The AAP government promised to deploy marshals in buses to keep sexual harassment at bay but the proposal has progressed at a snail’s pace. As of now, 2,791 marshals have been deployed in buses out of which 1,059 are home guards and 1,732 civil defence volunteers. The requirement is 8,300.
“As we do not have enough marshals for all buses, we deploy them on rotation. Most are deployed in the evening and late night,” explained a government official. A tender for 400 security guards-cum-marshals for 200 buses has been floated but the response has been tepid.
Ground realities indicate that hiring more marshals without adequate training might not solve the problem. For example Raj Kishore, a 54-year-old a DTC mechanic-turned-marshal who is generally given duty on the 604 DTC bus route, says his aim during his eight-hour shift is to not get into any altercations.
“My children tell me that I should just get done with my duty and not get into any trouble. At this age if I try to fight hooligans, I will put my own life in danger,” he said.
The DTC has not only employed home guards and civil defence volunteers but also over 300 of its mechanical staff that is nearing retirement. “If the intention was to actually protect women passengers, there would be some able-bodied guards who would have been assigned this duty. No offence, I know he is just doing his job, but in case someone attacks, I will have to protect him,” said a 19-year-old passenger, Sreelakshmi Iyer, pointing at an elderly marshal in her bus.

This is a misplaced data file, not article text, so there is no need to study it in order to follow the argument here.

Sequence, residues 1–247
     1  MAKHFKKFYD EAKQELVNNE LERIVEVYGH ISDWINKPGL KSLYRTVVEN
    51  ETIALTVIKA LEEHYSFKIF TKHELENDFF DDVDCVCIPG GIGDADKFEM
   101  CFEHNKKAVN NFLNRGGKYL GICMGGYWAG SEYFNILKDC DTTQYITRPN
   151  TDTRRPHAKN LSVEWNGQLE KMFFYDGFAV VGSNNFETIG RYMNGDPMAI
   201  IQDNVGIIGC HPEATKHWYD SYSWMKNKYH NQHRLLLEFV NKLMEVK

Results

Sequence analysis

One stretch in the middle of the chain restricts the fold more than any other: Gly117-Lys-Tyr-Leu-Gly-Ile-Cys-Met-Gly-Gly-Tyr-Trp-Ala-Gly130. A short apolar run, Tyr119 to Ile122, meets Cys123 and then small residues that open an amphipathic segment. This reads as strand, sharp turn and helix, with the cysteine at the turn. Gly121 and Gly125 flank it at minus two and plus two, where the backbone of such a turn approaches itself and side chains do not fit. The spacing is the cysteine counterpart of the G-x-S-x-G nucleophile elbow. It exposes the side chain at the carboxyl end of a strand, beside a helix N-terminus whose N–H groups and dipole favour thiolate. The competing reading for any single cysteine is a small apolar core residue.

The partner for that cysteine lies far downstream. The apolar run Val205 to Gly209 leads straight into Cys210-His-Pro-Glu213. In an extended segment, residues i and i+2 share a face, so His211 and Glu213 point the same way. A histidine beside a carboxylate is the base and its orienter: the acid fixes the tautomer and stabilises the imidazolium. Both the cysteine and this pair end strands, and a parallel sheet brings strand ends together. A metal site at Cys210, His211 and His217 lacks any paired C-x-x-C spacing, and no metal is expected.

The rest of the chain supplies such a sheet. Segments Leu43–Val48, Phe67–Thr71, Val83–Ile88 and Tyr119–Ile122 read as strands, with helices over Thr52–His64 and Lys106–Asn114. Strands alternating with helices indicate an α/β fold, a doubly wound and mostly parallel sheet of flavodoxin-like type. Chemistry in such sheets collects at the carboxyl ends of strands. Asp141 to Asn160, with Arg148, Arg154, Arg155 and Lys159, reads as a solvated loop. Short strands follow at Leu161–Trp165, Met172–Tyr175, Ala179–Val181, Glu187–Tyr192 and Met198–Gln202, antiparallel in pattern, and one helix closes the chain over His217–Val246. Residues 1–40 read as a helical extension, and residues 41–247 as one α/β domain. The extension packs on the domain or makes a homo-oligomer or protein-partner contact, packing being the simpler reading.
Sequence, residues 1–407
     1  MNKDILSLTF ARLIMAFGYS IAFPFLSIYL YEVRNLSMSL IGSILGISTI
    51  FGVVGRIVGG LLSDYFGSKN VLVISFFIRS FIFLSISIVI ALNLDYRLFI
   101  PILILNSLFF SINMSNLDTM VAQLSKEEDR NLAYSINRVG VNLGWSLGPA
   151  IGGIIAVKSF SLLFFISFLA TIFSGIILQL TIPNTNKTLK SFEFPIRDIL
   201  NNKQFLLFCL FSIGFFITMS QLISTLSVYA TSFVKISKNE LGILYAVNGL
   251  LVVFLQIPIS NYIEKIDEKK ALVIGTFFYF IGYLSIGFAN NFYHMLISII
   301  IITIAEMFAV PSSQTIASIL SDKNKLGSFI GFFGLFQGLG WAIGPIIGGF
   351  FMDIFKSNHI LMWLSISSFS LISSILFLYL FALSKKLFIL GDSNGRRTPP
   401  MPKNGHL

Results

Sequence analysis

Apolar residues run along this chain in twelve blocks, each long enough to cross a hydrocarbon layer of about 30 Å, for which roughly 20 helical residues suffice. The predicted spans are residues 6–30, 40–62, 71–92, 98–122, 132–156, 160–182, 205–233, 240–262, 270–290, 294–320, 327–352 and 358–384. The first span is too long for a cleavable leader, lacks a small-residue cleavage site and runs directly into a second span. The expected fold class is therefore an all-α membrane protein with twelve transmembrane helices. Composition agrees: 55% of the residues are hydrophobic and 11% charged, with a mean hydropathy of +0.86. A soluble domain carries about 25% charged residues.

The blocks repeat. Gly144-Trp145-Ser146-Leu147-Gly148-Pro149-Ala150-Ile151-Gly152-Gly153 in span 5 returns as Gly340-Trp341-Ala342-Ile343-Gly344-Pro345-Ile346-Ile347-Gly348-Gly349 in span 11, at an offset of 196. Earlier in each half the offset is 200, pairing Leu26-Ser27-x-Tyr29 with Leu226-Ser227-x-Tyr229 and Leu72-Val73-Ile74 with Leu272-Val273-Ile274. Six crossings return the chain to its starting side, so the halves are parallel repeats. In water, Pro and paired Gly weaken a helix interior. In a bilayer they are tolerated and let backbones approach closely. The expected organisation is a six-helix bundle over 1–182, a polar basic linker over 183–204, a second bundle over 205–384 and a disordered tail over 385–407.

Even the ladies special buses that ply on city roads are not enough. There are only 28 such buses and each one runs just one trip a day. Worse, the number of “dark spots” – poorly lit areas with little street lighting — are still more than 250 across Delhi. “The locations keep changing, but on any given day the number of poorly lit areas does not come down below 200,” explained a police official.
Besides, the Delhi Transport Infrastructure Development Corporation Limited (DTIDCL) has been asked to provide proper lighting at Bus Queue Shelters (BQS) or bus stops and the police were supposed to deploy a policeman at every such point. But, that too, has been patchily implemented.
Several gender sensitisation programmes have also been launched to make bus, cab and auto rickshaw drivers more sensitive towards women passengers. Manas Foundation, an NGO working with drivers for making the city’s roads safer for women, has been conducting regular awareness drives and camps for drivers. ‘Mera imaan, mahilaon ka samman,’ is now a popular tagline that is often prominently displayed on city cabs and auto rickshaws.
“Patriarchy and the values attached to it are very deeply ingrained in collective consciousness. Varying shades of it are found across all sections of society, and drivers are no exception,” said Naveen Kumar, psychologist and trustee of the Manas Foundation.
In one session that HT attended, the drivers were engaged in role playing and storytelling, to bring out how gender roles and patriarchy affects not just women but also men.
A participant who did not wish to be named told HT that apart from his attitude with women passengers, his behaviour towards his wife and children has also changed after attending the sessions. “We are busy becoming the ‘man’ that we are expected to become that we forget being a human. All problems will be solved if we see women as equals,” he said. “Women do not need our protection. Just do not trouble them.”